Tuesday, February 28, 2012
Text Note: Romans 14:9
One can easily see the difference between the traditional and modern texts of Romans 14:9 by comparing translations of the verse based on each respective text:
Translations from Traditional text:
KJV Romans 14:9 For to this end Christ both died, and rose, and revived, that he might be Lord both of the dead and living.
NKJV Romans 14:9 For to this end Christ died and rose and lived again, that He might be Lord of both the dead and the living.
Translations from Modern text:
NIV Romans 14:9 For this very reason, Christ died and returned to life so that he might be the Lord of both the dead and the living.
NASB Romans 14:9 For to this end Christ died and lived again, that He might be Lord both of the dead and of the living.
In the traditional text Christ is said to have done three things: died, rose, and revived [kai apethane kai aneste kai anezesen]; in the modern critical text, only two: died and returned to life [apethanen kai ezesen]. The traditional text links these three verbs with a threefold use of the conjunction kai. The modern text has only one kai linking the two verbs. There are other minor variations, like whether the final verb should be from anazao (traditional) or simply zao (modern).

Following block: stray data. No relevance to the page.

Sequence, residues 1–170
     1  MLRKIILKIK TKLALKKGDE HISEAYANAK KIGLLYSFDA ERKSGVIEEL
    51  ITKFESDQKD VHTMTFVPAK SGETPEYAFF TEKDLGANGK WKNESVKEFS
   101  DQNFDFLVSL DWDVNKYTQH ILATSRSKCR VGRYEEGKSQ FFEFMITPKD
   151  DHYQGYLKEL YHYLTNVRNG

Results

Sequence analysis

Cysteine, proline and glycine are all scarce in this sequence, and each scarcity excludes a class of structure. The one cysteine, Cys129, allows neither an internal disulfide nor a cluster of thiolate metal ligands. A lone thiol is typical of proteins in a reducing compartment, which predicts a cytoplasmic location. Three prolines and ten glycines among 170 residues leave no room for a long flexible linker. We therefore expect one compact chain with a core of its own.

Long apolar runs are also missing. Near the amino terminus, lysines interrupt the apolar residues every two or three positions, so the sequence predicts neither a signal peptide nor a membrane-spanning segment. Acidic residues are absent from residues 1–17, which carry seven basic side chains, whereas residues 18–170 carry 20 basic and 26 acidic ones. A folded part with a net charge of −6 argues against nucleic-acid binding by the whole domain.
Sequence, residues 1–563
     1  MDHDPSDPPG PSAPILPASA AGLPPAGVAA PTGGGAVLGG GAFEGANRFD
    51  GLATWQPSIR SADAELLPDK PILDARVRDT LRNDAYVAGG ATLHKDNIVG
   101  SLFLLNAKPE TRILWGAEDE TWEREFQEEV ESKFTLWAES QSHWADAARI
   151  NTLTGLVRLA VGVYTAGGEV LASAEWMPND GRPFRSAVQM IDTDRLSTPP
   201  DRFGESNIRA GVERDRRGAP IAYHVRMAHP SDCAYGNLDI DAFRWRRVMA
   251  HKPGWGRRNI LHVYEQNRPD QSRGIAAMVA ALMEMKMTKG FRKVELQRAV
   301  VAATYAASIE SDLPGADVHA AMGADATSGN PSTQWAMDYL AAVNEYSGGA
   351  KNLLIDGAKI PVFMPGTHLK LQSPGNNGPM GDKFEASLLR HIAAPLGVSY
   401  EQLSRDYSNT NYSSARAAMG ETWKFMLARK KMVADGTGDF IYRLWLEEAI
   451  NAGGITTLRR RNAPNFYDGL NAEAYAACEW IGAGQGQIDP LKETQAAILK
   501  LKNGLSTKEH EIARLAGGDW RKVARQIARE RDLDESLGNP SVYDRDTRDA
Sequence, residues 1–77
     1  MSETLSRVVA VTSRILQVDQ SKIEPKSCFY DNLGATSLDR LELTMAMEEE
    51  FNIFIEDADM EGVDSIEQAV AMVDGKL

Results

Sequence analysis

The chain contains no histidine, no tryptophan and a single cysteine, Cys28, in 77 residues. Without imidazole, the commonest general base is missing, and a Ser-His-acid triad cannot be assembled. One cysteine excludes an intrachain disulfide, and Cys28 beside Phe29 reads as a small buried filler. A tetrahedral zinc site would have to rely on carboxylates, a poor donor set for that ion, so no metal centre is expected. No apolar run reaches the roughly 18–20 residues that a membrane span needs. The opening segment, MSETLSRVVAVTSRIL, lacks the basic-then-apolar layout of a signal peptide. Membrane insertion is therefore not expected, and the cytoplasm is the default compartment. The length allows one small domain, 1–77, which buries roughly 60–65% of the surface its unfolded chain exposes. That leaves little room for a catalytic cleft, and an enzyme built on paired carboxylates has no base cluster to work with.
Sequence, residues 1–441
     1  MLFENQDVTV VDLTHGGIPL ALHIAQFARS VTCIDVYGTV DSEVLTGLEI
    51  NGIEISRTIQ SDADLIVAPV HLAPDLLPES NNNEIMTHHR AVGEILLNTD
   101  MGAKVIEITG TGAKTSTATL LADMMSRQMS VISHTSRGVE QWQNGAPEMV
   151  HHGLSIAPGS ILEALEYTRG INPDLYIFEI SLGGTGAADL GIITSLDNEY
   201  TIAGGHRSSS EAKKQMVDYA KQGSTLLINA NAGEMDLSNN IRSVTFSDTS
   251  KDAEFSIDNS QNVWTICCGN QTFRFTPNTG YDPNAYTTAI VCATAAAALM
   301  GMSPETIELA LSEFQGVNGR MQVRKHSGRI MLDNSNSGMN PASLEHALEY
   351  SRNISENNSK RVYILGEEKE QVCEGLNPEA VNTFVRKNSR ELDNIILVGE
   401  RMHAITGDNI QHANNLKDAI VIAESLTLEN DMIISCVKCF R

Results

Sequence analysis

Support for the traditional text includes Psi, 0209, and 33, in addition to the vast majority of extant manuscripts. It is also attested in the Latin of Irenaeus.
Support for the modern text includes the original hand of Sinaiticus, Vaticanus, and Alexandrinus.
Metzger assumes that the traditional reading came about through assimilation to 1 Thessalonians 4:14 which reads, “Jesus died and rose again” (Textual Commentary, p. 531). This is, of course, a speculation and rests on no hard evidence. If the three-fold kai is original in the verse, one might just as well speculate that the kai aneste could have dropped out due to parablepsis. One might also add that the traditional text provides a more difficult reading since it offers a unique description of Christ’s accomplishments (died, rose, revived [lived again]), without parallel in the NT. If it was not original, why would it have been inserted to expand the verse?
I see no compelling reason to abandon the traditional reading, affirmed by the vast majority of manuscripts and gaining the widest use among churches in the history of the Christian movement.